President Franklin Roosevelt's aviation chief had a New Deal plan to get everyday Americans up in the air. But he needed help.
So Eugene Vidal sparked a competition among the nation's tinkerers, engineers and aircraft makers. His challenge: build a "rugged, safe and simple" aircraft that would be as easy to drive as a car and cost roughly the same, about $700.
"In a short time," he predicted, "America will become a nation of pilots."
It didn't. But more than 80 years later, a new wave of flight buffs is doubling down, arguing that breakthroughs in propulsion, materials and autonomy have opened up a new path to that old dream.
On Tuesday, a group called GoFly, funded by aerospace giant Boeing, launched a $2 million competition to spur the development of jet packs, hoverboards, human-bearing drones and assorted other flying objects for personal use. Unlike the sky taxis being pursued by Uber and many others, the contest is about strapping in a single individual.
The GoFly Prize is of a kind with myriad contests that have come before, helping to propel driverless cars and private rockets forward, and it's reminiscent of what Elon Musk is doing by encouraging development of his idea for a speedy Hyperloop underground pod conveyance system.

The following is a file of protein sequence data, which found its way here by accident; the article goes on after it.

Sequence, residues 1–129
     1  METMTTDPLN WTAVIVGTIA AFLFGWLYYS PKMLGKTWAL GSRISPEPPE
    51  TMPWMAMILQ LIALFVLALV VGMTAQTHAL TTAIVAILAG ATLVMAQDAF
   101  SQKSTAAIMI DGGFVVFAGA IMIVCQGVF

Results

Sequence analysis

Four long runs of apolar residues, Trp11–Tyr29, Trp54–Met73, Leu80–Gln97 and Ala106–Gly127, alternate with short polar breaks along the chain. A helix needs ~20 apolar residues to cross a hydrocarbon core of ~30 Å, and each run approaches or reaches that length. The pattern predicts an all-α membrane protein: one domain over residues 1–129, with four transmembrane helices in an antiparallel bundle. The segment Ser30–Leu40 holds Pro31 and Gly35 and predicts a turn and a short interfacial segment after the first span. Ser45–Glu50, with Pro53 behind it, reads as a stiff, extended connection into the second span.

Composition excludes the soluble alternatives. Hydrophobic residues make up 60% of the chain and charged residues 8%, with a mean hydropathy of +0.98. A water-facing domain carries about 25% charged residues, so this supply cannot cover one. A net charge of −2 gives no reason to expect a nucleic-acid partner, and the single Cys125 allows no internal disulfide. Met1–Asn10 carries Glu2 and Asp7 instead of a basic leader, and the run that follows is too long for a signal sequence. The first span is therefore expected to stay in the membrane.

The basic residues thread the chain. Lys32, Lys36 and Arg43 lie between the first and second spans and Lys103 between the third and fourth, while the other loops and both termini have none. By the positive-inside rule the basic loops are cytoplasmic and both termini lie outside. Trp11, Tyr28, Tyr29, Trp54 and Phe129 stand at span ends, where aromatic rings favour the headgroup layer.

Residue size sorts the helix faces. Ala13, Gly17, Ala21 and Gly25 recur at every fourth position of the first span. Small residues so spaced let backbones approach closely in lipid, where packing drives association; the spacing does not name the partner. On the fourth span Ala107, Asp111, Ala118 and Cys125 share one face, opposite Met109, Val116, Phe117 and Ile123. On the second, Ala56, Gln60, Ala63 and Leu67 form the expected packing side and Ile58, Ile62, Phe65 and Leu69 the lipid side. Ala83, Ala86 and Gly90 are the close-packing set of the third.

The rules are highly specific. The device has to be simple to use, safe and capable of traveling 20 miles without a recharge or refueling. It has to be luggable by a single person (a dolly's okay, but not a motorized one.) And it has to take off and land pretty much vertically.
For the final flyoff, the human operator (or 200-plus-pound test dummy for the less confident entries) must "not endure extreme sustained g forces greater than 5 g or dangerous impulses from hard landings." That's in the range of a stomach-churning roller coaster.
As for form, "we leave open a huge white space for innovation," said Gwen Lighter, an entrepreneur and chief executive of GoFly who brought the idea to Boeing. "While we love jet packs . . . there could be flying motorcycles. There could be flying people. There could be something you stand on. There could be something over your head."
There are YouTube-famous versions of each of those in some form or another, including some blade-happy variations that look like human Cuisinarts.
And indeed, contest organizers said gleaning insights into safety is a key goal. They may see riffs on existing safety tools, such as the sense and avoidance technologies powering driverless cars, or "ballistic recovery systems," such as parachutes that already encompass entire aircraft, Lighter said. There are requirements for backups in case key systems fail, she said.
The teams also all have to comply with Federal Aviation Administration rules, she said. The FAA generally treats jet packs as "ultralight vehicles," for example. Ultralights must weigh less than 254 pounds, excluding safety devices, and can't go faster than 55 knots, or 63 miles per hour, according to federal rules.
For Boeing, which spends billions on research and development yearly, the contest is an efficient way to both make a splash and uncover potential talent. Greg Hyslop has his eye on university engineering programs around the world, among others. The idea of a personal flying device is actually doable for small teams with limited resources, he said, and the insights could be used for bigger craft as well.